From 1978 to 1996 — in summer movie terms, from “Animal House” to “Twister” — Vernon, New Jersey’s Action Park waterpark flung thousands upon thousands of sunburned, liquored-up, party-down thrill-seekers headlong into a notorious collection of poorly designed water slides, a 40 mph concrete Alpine coaster where the brakes didn’t always work, and 60 mph go-karts. According to those who worked there and depending on the driver’s risk tolerance and blood alcohol level, the go-karts sometimes veered off course and straight onto Route 94, which bisected the park itself.
Everything about Action Park could kill you. And it sometimes did, as the wittily appalling HBO documentary “Class Action Park” makes clear.
The half-wisecracking, half-serious reminiscence grew out of an earlier 15-minute documentary, “The Most Insane Amusement Park Ever.” That title does not lie. With little safety oversight and, eventually, a series of fatal accidents, Action Park operated as a place where the usual rules of theme park engagement didn’t apply. As more than one interview subject notes, it was like an ’80s movie about latchkey kids in over their heads, running loose and wild.
Comedian Chris Gethard a terrified Action Park regular as a kid and the ringer here, equates the experience to a rite-of-lonely-adolescence-passage. “We felt like we were on our own,” he says. “We felt like the world was an unsafe place.” Action Park confirmed it.
Millions of kids in America can tell you about the stupid stunts they pulled, or the time they went way over the line trying this or that. Action Park was made for those kids, and their knucklehead parents. It had the deceptive distinction of offering a heavily advertised, healthy-seeming chaotic day in the sun. It promised excitement and it delivered, complete with skin abrasions, snake-infested lagoons where the “Kayak Experience” attraction was located and far, far worse.
The park’s huckster-founder, Gene Mulvihill, provides the focus for writer-directors Chris Charles Scott and Seth Porges. A disgraced but well-connected graduate of the Wall Street go-go years, Mulvihill bought two ski resorts in the Vernon township and realized he could make money in the off-season by building a waterpark of his unbridled dreams. What was touted as “the next Disney World” became a down-market expression of pure adolescent id, where “you control the action!”
Fifty miles from New York City, Action World featured three main areas: Alpine Center, Water World and Motor World. The Cannonball Loop dominated the talk at Water World. A long, high, steep tube, wetted down by sprinklers, sent customers plummeting into an upside-down hell before skidding onto a too-short runway puddle.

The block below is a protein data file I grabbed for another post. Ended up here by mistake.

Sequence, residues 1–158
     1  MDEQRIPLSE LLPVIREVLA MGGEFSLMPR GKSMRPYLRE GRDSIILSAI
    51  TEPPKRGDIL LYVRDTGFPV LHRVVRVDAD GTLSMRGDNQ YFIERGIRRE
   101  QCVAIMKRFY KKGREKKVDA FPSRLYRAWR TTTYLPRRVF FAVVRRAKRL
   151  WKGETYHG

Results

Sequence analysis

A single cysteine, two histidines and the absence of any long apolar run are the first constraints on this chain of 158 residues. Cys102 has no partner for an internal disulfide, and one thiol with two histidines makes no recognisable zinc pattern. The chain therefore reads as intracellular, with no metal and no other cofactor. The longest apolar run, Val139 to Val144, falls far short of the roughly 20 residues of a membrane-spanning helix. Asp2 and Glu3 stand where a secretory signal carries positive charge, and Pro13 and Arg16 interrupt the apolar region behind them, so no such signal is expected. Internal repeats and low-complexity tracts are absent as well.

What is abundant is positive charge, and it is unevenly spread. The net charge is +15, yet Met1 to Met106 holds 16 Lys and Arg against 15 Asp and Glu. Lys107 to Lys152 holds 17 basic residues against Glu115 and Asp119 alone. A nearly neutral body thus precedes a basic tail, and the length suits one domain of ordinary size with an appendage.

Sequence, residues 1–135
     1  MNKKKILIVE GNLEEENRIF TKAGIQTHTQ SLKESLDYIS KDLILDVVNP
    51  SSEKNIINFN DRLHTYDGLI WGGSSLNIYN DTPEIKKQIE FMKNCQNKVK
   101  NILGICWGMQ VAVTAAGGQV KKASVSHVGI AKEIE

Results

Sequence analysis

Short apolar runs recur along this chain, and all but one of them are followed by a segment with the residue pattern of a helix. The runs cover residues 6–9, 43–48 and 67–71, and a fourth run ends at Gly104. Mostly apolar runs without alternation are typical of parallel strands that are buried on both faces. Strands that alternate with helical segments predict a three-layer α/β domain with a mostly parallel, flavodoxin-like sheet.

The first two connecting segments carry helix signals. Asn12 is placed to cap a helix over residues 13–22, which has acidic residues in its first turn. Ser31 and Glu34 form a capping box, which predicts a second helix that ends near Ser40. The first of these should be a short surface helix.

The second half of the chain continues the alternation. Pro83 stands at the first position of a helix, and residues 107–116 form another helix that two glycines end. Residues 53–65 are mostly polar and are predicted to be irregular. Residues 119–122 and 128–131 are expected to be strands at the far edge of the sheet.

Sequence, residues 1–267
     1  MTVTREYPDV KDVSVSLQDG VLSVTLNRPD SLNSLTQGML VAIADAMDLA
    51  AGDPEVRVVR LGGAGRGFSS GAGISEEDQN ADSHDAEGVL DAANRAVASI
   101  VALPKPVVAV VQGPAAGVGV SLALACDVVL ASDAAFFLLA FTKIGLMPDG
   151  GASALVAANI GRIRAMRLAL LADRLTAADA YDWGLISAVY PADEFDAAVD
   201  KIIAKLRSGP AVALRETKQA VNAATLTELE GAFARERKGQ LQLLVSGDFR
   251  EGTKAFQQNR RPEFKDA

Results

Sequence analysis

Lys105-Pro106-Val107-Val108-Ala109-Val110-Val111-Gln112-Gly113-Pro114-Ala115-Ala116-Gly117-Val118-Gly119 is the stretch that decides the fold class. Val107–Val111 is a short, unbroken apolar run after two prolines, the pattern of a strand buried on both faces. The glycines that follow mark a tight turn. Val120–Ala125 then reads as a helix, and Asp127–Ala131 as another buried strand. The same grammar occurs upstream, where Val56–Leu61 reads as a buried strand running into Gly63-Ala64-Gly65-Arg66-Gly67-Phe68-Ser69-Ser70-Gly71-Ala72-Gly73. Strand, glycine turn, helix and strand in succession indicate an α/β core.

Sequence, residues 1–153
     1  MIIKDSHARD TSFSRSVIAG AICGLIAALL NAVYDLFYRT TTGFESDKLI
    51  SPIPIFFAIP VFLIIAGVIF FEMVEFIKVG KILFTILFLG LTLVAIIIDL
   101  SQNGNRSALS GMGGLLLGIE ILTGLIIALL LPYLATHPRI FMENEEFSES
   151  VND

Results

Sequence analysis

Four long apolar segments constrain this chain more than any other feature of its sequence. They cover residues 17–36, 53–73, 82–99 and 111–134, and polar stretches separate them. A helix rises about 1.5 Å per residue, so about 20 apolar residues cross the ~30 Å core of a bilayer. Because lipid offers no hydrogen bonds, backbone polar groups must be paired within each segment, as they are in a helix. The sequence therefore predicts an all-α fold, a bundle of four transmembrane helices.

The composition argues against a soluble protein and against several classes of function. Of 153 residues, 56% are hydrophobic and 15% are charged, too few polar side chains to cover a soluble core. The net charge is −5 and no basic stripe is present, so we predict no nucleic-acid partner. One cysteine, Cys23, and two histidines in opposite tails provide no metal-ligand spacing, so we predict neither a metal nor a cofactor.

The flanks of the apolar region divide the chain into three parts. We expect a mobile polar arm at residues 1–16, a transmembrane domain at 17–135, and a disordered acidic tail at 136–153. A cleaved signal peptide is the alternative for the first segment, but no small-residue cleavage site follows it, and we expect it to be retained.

Some of the craziest details in “Class Action Park” involve the initial testing phase of this attraction. Park security director Jim DeSaye recounts Mulvihill paying his employees $100 to try out early iterations of the Loop. The first two kids, he says, came out with their “mouths all bloody.” The next two came out with substantial skin lacerations, from the stray loose teeth embedded in the tube’s padding.
“Gene didn’t believe in the concept of insurance,” Porges notes on-camera, detailing the Cayman Islands shell company Mulvihill established to self-insure, minimally, a business built on adrenaline and terror. Summers came and went, with the stories of dislocated shoulders and other injuries piling up. It was a pretty rough crowd, and fistfights broke out routinely, waist-deep in the “Colorado River” traffic jams.
The documentary’s second half turns darker. Several patrons died, either from massive head injuries or electrocution or drowning, between 1980 and 1987. Among them was 19-year-old Sussex County resident George Larsson, whose mother, Esther Larsson, serves as the film’s conscience.
Throughout “Class Action Park” the filmmakers link Mulvihill’s unregulated lethal funhouse to the larger, deregulated capitalistic greed of the Reagan era. (Editor’s note: It’s back!) That’s not a stretch, exactly, but the documentary infers a good deal about Mulvihill’s underworld connections and political maneuvers without quite nailing them down.
Relying heavily on park employees’ memories and stories, it’s well worth seeing nonetheless. The ’80s trappings, particularly the synthesizer-heavy score and the funsy animated segments, evoke memories of a time before cellphones and helicopter parenting. Former Action Park lifeguard Faith Anderson remembers, with some fondness, the “Lord of the Flies” behavior of the boys and men, and girls and women, who loved the place.
She also says: “I think our parents should’ve been more afraid.”
‘CLASS ACTION PARK’
3.5 stars (out of 4)
Rating: TV-MA (for language)
Now streaming on HBO Max.
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